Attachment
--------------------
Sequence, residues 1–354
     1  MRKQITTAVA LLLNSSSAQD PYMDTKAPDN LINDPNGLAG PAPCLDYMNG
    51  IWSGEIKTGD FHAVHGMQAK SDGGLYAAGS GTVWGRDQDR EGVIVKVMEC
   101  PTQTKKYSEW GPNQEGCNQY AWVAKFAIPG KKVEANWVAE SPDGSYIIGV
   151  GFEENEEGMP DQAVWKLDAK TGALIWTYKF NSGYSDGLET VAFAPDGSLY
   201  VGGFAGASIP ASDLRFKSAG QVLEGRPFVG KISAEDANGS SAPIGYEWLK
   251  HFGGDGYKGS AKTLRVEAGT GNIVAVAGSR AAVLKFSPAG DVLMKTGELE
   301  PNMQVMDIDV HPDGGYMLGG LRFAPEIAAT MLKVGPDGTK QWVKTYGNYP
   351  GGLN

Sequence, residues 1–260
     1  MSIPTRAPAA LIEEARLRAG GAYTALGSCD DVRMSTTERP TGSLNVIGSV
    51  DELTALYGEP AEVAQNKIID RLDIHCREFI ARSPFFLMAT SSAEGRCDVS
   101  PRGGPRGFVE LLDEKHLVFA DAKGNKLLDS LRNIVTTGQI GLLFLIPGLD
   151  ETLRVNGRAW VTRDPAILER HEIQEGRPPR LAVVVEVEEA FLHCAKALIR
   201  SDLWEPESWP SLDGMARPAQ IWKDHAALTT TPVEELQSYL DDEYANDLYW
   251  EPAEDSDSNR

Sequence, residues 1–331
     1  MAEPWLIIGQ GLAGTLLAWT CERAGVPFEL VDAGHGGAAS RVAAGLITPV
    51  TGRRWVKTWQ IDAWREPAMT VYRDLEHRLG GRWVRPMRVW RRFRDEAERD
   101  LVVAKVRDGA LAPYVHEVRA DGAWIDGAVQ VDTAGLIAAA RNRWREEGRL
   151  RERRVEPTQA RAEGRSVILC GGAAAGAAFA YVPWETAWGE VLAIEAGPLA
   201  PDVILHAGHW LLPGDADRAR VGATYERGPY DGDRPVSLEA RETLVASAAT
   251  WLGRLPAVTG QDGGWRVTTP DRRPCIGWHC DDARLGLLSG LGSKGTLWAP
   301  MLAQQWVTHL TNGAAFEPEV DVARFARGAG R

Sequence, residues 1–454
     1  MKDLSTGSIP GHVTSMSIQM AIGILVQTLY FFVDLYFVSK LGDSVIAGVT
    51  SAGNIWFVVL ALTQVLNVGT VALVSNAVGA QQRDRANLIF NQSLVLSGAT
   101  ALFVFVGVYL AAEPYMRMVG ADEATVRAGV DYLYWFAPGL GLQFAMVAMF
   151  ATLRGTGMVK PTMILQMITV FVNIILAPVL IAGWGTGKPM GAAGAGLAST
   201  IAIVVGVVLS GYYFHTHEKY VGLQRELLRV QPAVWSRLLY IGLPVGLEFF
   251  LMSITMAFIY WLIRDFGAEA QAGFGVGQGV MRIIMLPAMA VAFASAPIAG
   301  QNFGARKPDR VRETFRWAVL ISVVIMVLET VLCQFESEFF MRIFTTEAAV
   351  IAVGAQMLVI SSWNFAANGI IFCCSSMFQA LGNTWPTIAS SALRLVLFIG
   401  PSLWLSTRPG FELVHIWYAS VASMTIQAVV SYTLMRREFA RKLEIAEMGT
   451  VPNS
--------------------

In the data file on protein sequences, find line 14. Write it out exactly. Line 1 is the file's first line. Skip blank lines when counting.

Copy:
   151  ETLRVNGRAW VTRDPAILER HEIQEGRPPR LAVVVEVEEA FLHCAKALIR